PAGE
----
The secondary role of this product manager is to serve as a barrier between the product development team and all unproductive distractions. Is the team worried about bouncing rent checks? Then the job of the product manager is to find initial funding. If the biggest problem is finding talented employees, the product manager becomes the HR director. And when customer feedback is needed, it’s the product manager’s job to recruit your early adopters.

If you have identified a real problem and have the right product builders, then finding the first 10,000 people to try your product should be the least of your concerns. Add this early “growth hacking” onto the product manager’s job description.

I often advocate hiring and partnering with people who fit the “jack of all trades, master of one” mold. The perfect product manager is obsessed with the customer experience and does whatever it takes to drive the product towards a solution that solves a key problem for your users.

Tech startups: The worst get rich quick scheme ever

Ever seen this quote? (Most recently seen circulating through various social networks):

“Entrepreneurship is living a few years of your life like most people won’t, so that you can spend the rest of your life living like most people can’t.”

This is the most misleading statement about entrepreneurship ever. You know what would make this quote accurate? Replace ‘Entrepreneurship’ with ‘Investment Banking.

Starstruck wantrepeneurs: Understand the real-world challenges that you’re going to face as a startup founder. It’s not just 100+ hour work weeks coding in a dingy garage while subsisting on ramen-only diets. You’ll also experience a constant fear of failure, stressed conversations with your significant other, and an ever-shrinking social life, all while living life as a cash-flow negative individual.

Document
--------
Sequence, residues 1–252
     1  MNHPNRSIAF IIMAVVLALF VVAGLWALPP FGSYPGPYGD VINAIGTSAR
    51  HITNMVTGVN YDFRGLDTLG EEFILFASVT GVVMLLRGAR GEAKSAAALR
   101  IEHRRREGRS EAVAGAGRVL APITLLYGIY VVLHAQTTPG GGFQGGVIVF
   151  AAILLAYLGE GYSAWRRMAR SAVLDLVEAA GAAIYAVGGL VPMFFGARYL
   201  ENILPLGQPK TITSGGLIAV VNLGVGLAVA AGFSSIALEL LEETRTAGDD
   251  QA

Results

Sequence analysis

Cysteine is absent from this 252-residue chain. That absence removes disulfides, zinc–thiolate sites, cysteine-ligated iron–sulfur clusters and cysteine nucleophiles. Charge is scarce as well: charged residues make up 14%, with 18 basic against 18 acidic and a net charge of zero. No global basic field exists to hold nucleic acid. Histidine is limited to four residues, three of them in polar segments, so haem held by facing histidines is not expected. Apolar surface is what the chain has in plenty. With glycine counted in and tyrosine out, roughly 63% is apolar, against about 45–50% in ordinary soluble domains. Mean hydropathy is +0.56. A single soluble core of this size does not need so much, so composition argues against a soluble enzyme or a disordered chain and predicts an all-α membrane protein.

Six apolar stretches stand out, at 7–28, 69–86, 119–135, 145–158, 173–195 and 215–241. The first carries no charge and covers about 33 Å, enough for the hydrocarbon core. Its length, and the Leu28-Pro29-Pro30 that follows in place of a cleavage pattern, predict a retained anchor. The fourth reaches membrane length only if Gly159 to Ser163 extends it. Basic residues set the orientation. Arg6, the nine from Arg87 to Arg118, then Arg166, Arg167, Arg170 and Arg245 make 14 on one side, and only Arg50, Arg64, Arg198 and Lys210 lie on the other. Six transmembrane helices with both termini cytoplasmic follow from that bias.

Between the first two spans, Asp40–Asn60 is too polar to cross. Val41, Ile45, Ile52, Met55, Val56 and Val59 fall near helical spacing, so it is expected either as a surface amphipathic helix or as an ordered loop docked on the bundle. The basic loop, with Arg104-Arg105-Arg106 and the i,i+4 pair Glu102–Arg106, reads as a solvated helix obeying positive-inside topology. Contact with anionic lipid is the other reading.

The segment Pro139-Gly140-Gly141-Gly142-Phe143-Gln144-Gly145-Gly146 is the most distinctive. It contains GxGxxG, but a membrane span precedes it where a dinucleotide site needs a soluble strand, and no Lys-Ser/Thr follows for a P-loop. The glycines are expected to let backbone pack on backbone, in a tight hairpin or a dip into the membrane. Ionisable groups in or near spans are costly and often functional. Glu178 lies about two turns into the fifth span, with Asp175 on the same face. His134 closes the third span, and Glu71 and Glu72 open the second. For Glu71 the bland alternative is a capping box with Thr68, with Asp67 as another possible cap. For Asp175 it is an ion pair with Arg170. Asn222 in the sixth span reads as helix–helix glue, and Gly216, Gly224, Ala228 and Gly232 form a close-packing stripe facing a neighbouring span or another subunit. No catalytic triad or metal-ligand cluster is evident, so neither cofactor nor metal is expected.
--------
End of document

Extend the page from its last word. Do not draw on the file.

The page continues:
But you’ve already heard this spiel. In famous founder war stories, this despair is followed up by “then we rapidly scaled our startup to 100 million users, raised an eight figure VC investment, grew even more, IPOed, and I retired at 28 with 2 yachts, 3 girlfriends, 4 houses, and 10 cars.”

All that pain and suffering sounds like a tiny price to pay compared to the expected payoff. Except that is not what is actually happens. Here’s the most common way that story ends: “We got to a couple thousand users pretty quickly, but then our numbers plateaued. We started running out of money, and desperately cold-called VCs, but no one answered. One day, our money ran out, and I emailed my co-founders to tell them that it’s over.”

The celebritization of startup founders has gone way too far in the wrong direction.

Moving to Silicon Valley and launching a tech startup is a lot like moving to Hollywood and signing up for a few screen tests: you are at the bottom floor of a massive wealth pyramid where a tiny few at the top make nearly 100% of the money. But at least the starstruck movie extra understands the extreme odds they’re up against on their path to success.

There’s this nasty rumor going around Silicon Valley that it’s easy to launch startups and raise money. The next time you hear that every stupid app idea is getting VC funding, and that we’re moving ever closer to a tech bubble, give them these statistics: Of the 5-6 million companies launched each year, only 1000 companies/year receive early stage financings, and increasingly these investments are targeting enterprise startups with repeatable business models.

The few startups getting ridiculous, unearned valuations nowadays are attached to ‘celebrity’ founders. You’re no Sean Parker (or Bill Nguyen). Don’t expect to raise money like them. You’re going to need a real product with proven traction in a promising market to even get to a Series A. And even those ‘validated’ startups are facing up to 20:1 odds at a > $100M exit.

If you’re an entrepreneurial newbie and want to maximize your chances of becoming a millionaire in the near future, you have a series of alternatives to launching a tech startup that will provide you a much higher chance of success:

  1. Start a small business: These are often pejoratively referred to as ‘lifestyle’ or ‘lemonade stand’ businesses, but there are a number of small business advantages over jumping right into a startup.
    • They’re much more likely to make money. I’ve found that there is a much higher correlation between talent + effort and financial success in small businesses than startups. It’s still risky, but small businesses are a lot more predictable.